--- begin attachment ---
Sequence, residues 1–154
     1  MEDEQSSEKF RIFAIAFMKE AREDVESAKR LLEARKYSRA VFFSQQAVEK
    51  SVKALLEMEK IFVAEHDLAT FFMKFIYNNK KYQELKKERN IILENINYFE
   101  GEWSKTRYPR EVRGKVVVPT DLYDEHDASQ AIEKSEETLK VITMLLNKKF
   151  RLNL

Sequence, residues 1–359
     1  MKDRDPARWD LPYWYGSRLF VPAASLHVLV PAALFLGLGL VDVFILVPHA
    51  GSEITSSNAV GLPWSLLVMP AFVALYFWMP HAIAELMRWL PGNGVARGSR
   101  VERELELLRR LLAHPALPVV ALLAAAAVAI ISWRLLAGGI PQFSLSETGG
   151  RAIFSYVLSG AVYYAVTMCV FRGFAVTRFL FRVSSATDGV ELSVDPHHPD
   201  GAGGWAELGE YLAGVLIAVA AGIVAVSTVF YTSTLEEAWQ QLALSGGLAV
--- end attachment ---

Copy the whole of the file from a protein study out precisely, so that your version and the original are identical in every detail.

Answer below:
Sequence, residues 1–154
     1  MEDEQSSEKF RIFAIAFMKE AREDVESAKR LLEARKYSRA VFFSQQAVEK
    51  SVKALLEMEK IFVAEHDLAT FFMKFIYNNK KYQELKKERN IILENINYFE
   101  GEWSKTRYPR EVRGKVVVPT DLYDEHDASQ AIEKSEETLK VITMLLNKKF
   151  RLNL

Sequence, residues 1–359
     1  MKDRDPARWD LPYWYGSRLF VPAASLHVLV PAALFLGLGL VDVFILVPHA
    51  GSEITSSNAV GLPWSLLVMP AFVALYFWMP HAIAELMRWL PGNGVARGSR
   101  VERELELLRR LLAHPALPVV ALLAAAAVAI ISWRLLAGGI PQFSLSETGG
   151  RAIFSYVLSG AVYYAVTMCV FRGFAVTRFL FRVSSATDGV ELSVDPHHPD
   201  GAGGWAELGE YLAGVLIAVA AGIVAVSTVF YTSTLEEAWQ QLALSGGLAV